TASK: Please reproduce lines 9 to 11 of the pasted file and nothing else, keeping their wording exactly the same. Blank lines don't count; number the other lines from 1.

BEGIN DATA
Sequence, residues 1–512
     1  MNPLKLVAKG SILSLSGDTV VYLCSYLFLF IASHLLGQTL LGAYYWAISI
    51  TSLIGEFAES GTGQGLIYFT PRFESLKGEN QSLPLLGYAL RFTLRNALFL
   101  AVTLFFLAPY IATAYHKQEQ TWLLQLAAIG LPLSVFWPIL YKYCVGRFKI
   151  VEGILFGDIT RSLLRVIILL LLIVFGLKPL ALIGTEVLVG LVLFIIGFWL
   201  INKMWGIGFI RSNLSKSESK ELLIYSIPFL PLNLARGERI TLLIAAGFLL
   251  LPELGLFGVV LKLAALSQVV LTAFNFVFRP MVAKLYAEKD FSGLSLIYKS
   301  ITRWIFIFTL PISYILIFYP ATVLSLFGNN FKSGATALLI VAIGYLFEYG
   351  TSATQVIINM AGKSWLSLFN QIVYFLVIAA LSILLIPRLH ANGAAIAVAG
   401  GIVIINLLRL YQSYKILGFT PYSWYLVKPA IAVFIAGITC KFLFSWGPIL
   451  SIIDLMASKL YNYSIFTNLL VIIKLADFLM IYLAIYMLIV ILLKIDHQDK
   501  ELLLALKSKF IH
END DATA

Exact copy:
   351  TSATQVIINM AGKSWLSLFN QIVYFLVIAA LSILLIPRLH ANGAAIAVAG
   401  GIVIINLLRL YQSYKILGFT PYSWYLVKPA IAVFIAGITC KFLFSWGPIL
   451  SIIDLMASKL YNYSIFTNLL VIIKLADFLM IYLAIYMLIV ILLKIDHQDK